There were a couple outdoor markets where you could buy anything you desired. I love shopping at places like that.
I loved the horse and carriages as well as all of the awesome old-school cars that are now used as taxis. Just look at that pink beaut with a red leather interior!
Cafe con leche was best in the lobby bar in the mornings. Also best if paired with a shot of Ron Santiago Añejo.
This was the most wildlife that we saw on the resort. A giant slug and adorable lizards.
A lot of the food in Cuba is fried. We had lunch one day at the beachside El Viejo restaurant. At night it becomes an a la carte restaurant.
The first couple of days that we were in Varadero, you could not swim in the ocean because the waves were so rough. I overheard someone say on the bus that you can’t swim here and my heart sunk a lot. One of my most favourite things in being in the ocean and we had chosen Varadero because of this. Luckily by about day four of being there, the flags on the beach were yellow and it was safe to go in. We collected some really awesome shells on the beach, ones that I have never seen before. The full curly ones were found on the days when the ocean was rough so I am guessing that things were really being stirred up there because on our last day when we went hunting for more, we couldn’t find any.
The night entertainment at Royal Hicacos was phenomenal. There is no need to go to Tropicana in Havana when you have this nightly. The costumes were beautiful and the dancers were incredible.
We did one day trip through the resort: the catamaran trip. I love going on boats like this so much. We paid $70 USD each for this trip. It included open bar for the day, lunch and snorkelling . We boarded the catamaran and went to a reef in the middle of the ocean for snorkelling. The visibility wasn’t great (see above: rough ocean stirring things up) but I still saw some pretty cool fish.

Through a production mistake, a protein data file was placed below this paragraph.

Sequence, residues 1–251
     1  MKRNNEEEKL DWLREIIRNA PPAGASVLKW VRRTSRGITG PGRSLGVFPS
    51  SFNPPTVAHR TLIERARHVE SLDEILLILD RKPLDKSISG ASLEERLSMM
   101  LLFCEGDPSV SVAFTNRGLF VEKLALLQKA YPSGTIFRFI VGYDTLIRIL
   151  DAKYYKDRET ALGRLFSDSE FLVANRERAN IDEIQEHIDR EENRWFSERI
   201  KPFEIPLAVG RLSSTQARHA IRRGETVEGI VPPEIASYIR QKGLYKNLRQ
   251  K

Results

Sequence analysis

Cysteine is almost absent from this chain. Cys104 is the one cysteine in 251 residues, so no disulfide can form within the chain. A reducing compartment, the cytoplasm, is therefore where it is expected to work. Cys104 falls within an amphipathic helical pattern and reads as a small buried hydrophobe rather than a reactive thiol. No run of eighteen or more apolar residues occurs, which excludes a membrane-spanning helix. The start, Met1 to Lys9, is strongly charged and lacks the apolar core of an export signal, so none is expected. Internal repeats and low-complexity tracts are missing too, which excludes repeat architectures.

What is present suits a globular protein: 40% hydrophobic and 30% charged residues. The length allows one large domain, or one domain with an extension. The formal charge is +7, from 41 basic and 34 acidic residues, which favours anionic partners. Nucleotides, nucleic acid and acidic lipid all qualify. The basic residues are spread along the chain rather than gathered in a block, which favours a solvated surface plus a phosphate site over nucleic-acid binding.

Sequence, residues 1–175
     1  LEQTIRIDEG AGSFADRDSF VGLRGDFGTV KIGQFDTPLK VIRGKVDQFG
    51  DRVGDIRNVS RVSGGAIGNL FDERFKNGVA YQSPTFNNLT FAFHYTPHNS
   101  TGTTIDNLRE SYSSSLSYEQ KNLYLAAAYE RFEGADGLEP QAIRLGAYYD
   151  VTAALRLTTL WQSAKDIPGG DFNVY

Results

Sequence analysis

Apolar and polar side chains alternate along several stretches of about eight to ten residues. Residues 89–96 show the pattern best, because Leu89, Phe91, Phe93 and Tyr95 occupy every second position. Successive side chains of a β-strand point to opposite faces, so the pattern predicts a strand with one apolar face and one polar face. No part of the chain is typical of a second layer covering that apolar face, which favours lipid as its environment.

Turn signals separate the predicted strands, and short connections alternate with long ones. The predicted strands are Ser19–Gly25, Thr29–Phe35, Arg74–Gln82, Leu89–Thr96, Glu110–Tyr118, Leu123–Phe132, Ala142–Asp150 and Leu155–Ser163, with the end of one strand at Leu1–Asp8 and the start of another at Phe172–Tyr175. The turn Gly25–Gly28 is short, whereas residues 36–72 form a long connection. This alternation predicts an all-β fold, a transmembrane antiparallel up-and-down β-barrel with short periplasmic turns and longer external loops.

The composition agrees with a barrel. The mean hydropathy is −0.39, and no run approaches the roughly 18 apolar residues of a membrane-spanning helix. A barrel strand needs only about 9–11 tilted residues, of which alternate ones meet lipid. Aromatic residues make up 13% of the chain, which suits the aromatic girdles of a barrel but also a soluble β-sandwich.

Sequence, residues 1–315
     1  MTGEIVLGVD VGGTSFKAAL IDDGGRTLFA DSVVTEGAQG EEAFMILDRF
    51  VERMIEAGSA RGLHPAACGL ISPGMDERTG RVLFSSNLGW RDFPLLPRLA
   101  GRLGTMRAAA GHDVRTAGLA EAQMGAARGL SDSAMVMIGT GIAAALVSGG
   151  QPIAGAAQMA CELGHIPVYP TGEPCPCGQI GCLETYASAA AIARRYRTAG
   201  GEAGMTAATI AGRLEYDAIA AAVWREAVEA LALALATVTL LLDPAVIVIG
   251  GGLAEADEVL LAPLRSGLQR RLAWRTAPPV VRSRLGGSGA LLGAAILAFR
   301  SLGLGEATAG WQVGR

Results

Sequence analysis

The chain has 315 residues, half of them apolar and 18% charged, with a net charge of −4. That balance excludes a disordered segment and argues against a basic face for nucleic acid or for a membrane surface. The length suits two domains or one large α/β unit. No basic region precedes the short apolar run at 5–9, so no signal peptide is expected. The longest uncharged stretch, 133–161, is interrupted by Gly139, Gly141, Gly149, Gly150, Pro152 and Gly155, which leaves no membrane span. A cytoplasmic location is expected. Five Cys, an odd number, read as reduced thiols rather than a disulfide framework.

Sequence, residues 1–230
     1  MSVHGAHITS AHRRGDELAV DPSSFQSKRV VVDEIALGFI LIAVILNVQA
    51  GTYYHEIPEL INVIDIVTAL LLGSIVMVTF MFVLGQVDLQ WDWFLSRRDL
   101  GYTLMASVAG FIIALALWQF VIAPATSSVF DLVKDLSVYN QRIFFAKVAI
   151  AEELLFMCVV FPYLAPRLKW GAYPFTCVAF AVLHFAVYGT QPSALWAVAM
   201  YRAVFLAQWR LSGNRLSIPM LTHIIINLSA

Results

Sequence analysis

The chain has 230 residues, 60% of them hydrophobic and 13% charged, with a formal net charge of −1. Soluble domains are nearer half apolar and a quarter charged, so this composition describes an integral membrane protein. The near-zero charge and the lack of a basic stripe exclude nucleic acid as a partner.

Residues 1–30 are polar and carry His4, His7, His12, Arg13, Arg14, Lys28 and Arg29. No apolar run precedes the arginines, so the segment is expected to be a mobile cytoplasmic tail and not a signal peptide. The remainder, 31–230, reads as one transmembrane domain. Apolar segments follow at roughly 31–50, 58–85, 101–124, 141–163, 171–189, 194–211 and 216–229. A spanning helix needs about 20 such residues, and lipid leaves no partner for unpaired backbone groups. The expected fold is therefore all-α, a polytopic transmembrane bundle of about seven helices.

Lunch was then on an island called Cayo Blanco. I had the seafood and Josh opted for chicken. We then got to hang out on the gorgeous white beach for 2 1/2 hours before boarding the catamaran to head back to the resort.
On the beach at Cayo Blanco there was a ton of little hermit crabs. I loved them. There was also a lot of coral washed up on the beach. Nature is so cool.
We had hours to kill at the airport waiting for our flight home so we drank Cristals which were maybe three CUC’s.
Our haul from the trip: cigars and rum (naturally). We picked up the cigars in Havana (more about that later). The rums are all ones that are not available here in Canada and let me tell you, they are delicious.
All in all, we had an awesome time. Would we go back to Royal Hicacos? Probably not because I like the idea of always exploring new places. However, I would totally recommend this resort to anyone wanting to go to Cuba. It was beautiful, the food was fresh and we were never bored.
• There is a 25 CUC visa fee when you leave Cuba. This has to be paid in CUC’s so don’t forget to save that money.
• Bring a travel cup or mug. It will save on waste from the tiny plastic cups that the resort provides, plus you will then get a decent amount of beer (and it’ll stay colder!)
• Internet in Cuba is pretty terrible. But this means that you can have a real vacation. I was unable to download my emails or send any out. At first it stressed me out but then I thought, “What can you do?!” Royal Hicacos does have a couple of spots where you can get wifi (they call it “wee-fee”). The cost was 8 CUC’s for an hour of time. I would basically post a photo on Instagram that I would then feed to my twitter and Facebook and that was pretty much all I was able to do.
• I had the house red (vino tinto) at dinner every night and it was surprisingly decent. The first night at an a la carte restaurant, we ordered a bottle of Spanish red for an extra 20 CUC’s. It was good but after that, we decided that the house wine was just as good.
• Tip the staff. Give them everything that you are able to. These people make very little money in comparison to us so a little goes a long way. We tipped mostly in USD’s and would leave anywhere from $1 to $5 at the bars and restaurants. We also brought school supplies and big bottles of shower gel and shampoo that we left for the maid. She was very appreciative and left us a very sweet note on our last day.